Today in 1631, John Winthrop, Jr., one of the most important figures in Connecticut history, first set foot in the New World, having arrived in Boston where his father, John Winthrop Sr., was governor of the Massachusetts Bay Colony. A Renaissance man of many talents, the younger Winthrop was well-versed in alchemy, natural magic, medicine, and early modern industrial technology, and quickly acquired a talent for political maneuvering as well. After establishing the town of Ipswich north of Boston, Winthrop briefly returned to England. There, a wealthy group of Puritan would-be emigrés engaged him to found a new colony on their behalf at the mouth of the Connecticut River. Winthrop named the settlement he founded in late 1635 Saybrook after the two leading investors (Lord Saye and Sele and Lord Brooke). Eleven years later, in 1646, acting on his own behalf, Winthrop founded another major early Connecticut settlement at the mouth of the Thames River. Originally called Nameaug –the Pequot Indian name for the site, which meant “the fishing place” – it would grow and evolve to become New London.
Winthrop’s contributions to Connecticut history involved more than establishing new plantations (the English name for new colonizing ventures). He made the pursuit of alchemical science, medicine and industry the mission of New London, offering medical care, establishing mills, alchemical furnaces and iron works, while building a network of knowledge-sharing and trading connections that reached throughout the Atlantic world.
As an alchemist and student of magical arts, Winthrop was recognized as an authority on the acceptable and unacceptable uses of magic, and used that authority to intervene on behalf of accused witch suspects to protect them from conviction and execution. Before he became involved in witchcraft cases in 1655, Connecticut was New England’s fiercest prosecutor of witches, executing all seven of the people indicted for that diabolical practice between 1647 and 1655. (In contrast, Massachusetts acquitted half of the people charged with witchcraft in that colony during the same period). Under Winthrop’s influence (and later authority as governor), Cnnecticut moved from the colony most likely to execute witches, to the colony that ended witchcraft executions a generation before the trials at Salem.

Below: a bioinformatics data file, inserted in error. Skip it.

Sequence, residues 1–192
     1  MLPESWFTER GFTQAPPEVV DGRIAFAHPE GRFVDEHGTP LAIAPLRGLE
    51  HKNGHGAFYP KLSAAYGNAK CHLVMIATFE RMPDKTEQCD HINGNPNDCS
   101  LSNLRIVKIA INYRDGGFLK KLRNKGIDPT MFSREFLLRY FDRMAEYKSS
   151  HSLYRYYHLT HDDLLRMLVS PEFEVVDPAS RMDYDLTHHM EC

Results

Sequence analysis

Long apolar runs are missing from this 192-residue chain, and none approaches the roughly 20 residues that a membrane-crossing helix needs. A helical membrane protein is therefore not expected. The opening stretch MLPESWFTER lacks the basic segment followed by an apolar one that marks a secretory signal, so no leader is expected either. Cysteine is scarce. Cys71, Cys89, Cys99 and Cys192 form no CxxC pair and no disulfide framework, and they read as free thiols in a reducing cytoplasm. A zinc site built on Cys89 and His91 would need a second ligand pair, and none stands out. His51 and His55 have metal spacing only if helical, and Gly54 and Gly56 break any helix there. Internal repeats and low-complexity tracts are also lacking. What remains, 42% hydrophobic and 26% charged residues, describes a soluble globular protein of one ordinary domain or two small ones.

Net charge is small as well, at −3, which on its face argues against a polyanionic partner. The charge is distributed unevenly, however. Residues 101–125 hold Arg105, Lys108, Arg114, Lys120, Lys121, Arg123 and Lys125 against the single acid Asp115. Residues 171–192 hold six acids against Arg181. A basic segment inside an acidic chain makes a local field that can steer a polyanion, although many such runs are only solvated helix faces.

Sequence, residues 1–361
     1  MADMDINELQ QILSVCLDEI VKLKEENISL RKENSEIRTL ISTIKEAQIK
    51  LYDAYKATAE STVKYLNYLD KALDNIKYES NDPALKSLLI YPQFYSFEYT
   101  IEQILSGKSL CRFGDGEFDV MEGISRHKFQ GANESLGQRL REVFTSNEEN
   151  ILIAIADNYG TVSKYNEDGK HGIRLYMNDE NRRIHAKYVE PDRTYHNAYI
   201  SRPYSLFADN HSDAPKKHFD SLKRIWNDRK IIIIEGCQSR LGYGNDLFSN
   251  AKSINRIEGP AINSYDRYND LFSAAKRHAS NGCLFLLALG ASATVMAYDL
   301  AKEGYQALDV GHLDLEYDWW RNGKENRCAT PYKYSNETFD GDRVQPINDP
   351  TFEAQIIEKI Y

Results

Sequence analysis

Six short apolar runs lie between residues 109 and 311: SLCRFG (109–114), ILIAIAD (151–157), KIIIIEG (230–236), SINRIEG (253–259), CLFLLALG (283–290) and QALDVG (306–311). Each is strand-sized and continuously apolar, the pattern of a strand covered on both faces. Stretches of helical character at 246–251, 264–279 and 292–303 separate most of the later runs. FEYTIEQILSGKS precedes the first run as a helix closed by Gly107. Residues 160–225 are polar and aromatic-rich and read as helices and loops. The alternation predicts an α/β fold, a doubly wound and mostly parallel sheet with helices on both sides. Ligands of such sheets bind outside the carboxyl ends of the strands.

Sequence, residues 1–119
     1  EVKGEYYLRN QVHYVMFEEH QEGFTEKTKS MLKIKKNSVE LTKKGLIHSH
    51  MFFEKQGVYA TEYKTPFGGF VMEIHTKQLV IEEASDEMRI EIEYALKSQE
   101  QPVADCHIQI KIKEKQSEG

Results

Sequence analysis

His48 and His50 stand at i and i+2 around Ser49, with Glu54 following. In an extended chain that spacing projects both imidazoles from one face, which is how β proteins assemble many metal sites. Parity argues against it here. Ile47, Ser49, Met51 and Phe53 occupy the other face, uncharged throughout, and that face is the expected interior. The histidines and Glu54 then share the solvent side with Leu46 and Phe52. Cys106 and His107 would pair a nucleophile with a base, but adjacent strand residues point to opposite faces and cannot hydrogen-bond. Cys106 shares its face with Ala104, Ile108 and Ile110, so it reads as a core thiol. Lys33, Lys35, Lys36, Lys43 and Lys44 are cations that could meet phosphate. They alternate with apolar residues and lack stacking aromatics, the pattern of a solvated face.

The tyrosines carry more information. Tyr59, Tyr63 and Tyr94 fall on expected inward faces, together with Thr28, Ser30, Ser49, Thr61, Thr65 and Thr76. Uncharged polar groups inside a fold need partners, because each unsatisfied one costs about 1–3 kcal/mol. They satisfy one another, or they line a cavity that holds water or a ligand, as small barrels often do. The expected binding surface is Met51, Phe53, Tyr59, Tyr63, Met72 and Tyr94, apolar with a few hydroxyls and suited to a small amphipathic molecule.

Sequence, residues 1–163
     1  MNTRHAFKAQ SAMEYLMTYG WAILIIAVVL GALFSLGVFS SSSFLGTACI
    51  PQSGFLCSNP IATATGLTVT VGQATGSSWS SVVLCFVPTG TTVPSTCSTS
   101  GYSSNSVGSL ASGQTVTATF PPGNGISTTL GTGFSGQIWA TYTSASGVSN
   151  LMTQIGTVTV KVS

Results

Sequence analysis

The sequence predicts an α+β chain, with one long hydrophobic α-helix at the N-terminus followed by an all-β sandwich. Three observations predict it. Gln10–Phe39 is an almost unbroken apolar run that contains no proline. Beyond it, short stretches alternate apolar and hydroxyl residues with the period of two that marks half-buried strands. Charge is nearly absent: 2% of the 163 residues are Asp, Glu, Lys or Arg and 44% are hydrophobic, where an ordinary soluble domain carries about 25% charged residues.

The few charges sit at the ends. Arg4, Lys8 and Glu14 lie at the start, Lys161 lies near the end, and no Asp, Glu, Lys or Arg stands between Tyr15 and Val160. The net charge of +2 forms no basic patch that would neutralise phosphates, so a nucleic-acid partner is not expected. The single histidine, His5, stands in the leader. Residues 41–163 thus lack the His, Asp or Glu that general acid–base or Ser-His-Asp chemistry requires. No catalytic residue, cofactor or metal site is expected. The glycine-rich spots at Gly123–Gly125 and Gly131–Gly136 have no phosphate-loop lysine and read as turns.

In 1657, Winthrop was elected governor of the Connecticut colony. He served continuously in that position from 1659 until his death in 1676, all the while continuing his scientific studies and cultivating influential connections in England and on the European continent. Winthrop’s scientific reputation was so respected he became a founding – and the first American – member of England’s Royal Society, still one of the world’s leading scientific organizations.
Winthrop’s connections served him well in his efforts to secure a royal charter for a vulnerable Connecticut colony after the restoration of Charles II in 1659. Against all odds, Winthrop was able to convince King Charles II — who held a contemptuous view of Connecticut’s puritans for harboring some of the regicides that killed his father — to not just grant Connecticut a royal charter giving the colony legitimate status, but arguably the most liberal charter in the history of British North America. The Royal Charter of 1662 gave Connecticut an unprecedented degree of self-governance, almost completely independent of British influence, and merged the disparate plantations throughout the territory of Connecticut into one, significantly larger, unified colony whose territory stretched to the Pacific Ocean. Though the territorial grant was soon reexamined, the Charter’s lasting grant of virtual autonomy was so comprehensive that, following the American Revolution, Connecticans simply made a few small modifications (namely, removing all references to the Crown) and continued using the Charter to govern the state until 1818.
While maneuvering carefully and effectively to secure the relative independence of the English people of Connecticut, Winthrop’s attitudes toward the independence of other people was more complex. Winthrop was one of Connecticut’s earliest enslavers. In a 1661 will, he left his wife “use” of half the time of his enslaved man “Strange, alias Kabooder” – three days a week – during her lifetime. The remaining four days a week were Kabooder’s to do with as he pleased, and at Winthrop’s wife’s death, Kabooder’s time was to be entirely his own. The will also gave Kabooder fifty acres of land and a heifer or cow to be used to breed his own livestock. Even as Winthrop benefitted from the enslavement of Africans, he fought fiercely – even in the face of physical coercion and peril – to protect a band of Pequot people living near his settlement from continued enslavement to the Mohegan tribe to which they had been given as a reward for the Mohegan’s alliance with the English against the Pequots during the 1637 Pequot War. Winthop’s sustained resistance to continued subjugation and enslavement of the Pequots was instrumental in helping them remain together as a separate tribe, and resist the cultural genocide imposed on them as a consequence of that conflict.
No person played a more critical role in establishing the government, economy, and even physical boundaries of modern-day Connecticut than John Winthrop Jr, whose new life in the New World began today in Connecticut history.
“John Winthrop, Jr., Governor of the Colony of Connecticut, 1657, 1659-1676,” Connecticut State Library
Walter W. Woodward, New England’s Other Witch Hunt: John Winthrop Jt., and the Alchemy of Justice (Video), Dairen Library
Walter W. Woodward, “The Map that Wasn’t a Map,” Connecticut Explored